Law enforcement agencies across the country have discovered that partnering with a team of mathematicians and social scientists from UCLA can help them determine where crime is likely to occur. Dr. Bertozzi will talk about the fascinating story behind her participation on the UCLA team that developed a “predictive policing” computer program that zeros-in on areas that have the highest probability of crime.

In addition, the use of mathematics in studying gang crimes and other criminal activities will also be discussed. Commercial use of the "predictive-policing" program allows communities to put police officers in the right place at the right time, stopping crime before it happens.

Image for "Public Lecture: Mathematics of Crime"
Dr. Bertozzi with members of Brown and Providence Police.

About the Speaker

Andrea Bertozzi is an applied mathematician with expertise in nonlinear partial differential equations and fluid dynamics. She also works in the areas of geometric methods for image processing, crime modeling and analysis, and swarming/cooperative dynamics. Dr. Bertozzi completed all her degrees in Mathematics at Princeton. She was an L. E. Dickson Instructor and NSF Postdoctoral Fellow at the University of Chicago from 1991-1995. She was the Maria Geoppert-Mayer Distinguished Scholar at Argonne National Laboratory from 1995-6.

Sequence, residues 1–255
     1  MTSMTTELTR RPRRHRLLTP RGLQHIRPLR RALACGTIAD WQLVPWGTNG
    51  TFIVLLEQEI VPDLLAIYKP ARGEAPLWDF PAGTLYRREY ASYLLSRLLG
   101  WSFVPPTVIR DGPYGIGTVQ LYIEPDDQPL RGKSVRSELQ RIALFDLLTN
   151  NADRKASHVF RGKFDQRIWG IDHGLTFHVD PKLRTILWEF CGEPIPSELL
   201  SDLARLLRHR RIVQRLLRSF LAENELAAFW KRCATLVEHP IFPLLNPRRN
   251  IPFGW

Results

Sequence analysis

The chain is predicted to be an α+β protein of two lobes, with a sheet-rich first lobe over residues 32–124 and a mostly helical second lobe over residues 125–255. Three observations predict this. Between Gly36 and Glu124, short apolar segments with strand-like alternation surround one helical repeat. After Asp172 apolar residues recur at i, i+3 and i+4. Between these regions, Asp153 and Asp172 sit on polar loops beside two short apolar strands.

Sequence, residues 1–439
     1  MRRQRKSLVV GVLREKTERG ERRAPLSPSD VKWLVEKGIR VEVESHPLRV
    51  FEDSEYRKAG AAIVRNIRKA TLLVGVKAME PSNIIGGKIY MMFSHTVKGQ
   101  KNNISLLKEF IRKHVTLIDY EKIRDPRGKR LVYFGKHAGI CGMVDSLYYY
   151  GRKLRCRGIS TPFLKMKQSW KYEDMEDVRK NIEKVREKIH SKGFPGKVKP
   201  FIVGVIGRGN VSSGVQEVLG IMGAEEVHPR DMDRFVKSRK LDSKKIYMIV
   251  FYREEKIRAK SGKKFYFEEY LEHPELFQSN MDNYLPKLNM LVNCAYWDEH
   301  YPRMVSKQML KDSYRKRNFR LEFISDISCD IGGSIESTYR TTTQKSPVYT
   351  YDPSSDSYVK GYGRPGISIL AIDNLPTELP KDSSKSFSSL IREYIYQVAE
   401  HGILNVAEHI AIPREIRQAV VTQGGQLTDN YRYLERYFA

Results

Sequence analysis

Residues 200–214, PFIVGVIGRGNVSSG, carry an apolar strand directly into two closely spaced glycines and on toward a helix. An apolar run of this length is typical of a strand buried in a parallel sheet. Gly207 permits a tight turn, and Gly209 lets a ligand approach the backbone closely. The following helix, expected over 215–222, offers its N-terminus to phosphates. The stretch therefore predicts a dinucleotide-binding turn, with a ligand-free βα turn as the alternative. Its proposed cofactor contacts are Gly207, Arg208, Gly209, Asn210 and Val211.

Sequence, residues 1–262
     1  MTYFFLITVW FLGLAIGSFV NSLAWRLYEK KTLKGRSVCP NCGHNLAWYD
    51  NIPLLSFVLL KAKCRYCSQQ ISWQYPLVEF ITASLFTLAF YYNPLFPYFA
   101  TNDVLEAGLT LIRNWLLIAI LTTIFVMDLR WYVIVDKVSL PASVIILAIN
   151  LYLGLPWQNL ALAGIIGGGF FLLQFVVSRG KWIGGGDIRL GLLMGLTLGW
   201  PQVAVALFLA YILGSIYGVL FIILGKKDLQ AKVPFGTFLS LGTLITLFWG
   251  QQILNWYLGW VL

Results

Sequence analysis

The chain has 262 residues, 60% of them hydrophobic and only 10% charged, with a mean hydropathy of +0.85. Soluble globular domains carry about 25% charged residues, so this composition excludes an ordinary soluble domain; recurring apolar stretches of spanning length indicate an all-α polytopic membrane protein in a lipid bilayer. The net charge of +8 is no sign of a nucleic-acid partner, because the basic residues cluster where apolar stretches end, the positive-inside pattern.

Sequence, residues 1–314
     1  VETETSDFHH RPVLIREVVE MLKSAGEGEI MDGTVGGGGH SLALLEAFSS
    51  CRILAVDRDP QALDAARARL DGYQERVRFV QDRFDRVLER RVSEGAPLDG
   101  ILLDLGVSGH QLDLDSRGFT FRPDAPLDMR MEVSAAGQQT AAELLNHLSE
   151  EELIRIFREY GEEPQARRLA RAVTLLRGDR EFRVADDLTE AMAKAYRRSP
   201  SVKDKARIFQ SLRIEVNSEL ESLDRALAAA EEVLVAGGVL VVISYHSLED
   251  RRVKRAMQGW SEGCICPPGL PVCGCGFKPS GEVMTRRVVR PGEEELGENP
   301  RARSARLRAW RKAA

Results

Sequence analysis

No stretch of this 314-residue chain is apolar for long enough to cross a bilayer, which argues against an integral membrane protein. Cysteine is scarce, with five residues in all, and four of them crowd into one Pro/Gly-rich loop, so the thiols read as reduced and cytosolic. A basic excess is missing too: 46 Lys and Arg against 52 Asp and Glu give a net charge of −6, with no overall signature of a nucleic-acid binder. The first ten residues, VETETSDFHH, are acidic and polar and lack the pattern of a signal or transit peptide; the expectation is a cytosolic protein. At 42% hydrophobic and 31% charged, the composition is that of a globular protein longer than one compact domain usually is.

She was on the faculty at Duke University from 1995-2004 first as Associate Professor of Mathematics and then as Professor of Mathematics and Physics. She has served as the Director of the Center for Nonlinear and Complex Systems while at Duke. Bertozzi moved to UCLA in 2003 as a Professor of Mathematics. Since 2005 she has served as Director of Applied Mathematics, overseeing the graduate and undergraduate research training programs at UCLA. In 2012 she was appointed the Betsy Wood Knapp Chair for Innovation and Creativity.

Andrea Bertozzi, University of California at Los Angeles

Lecture Video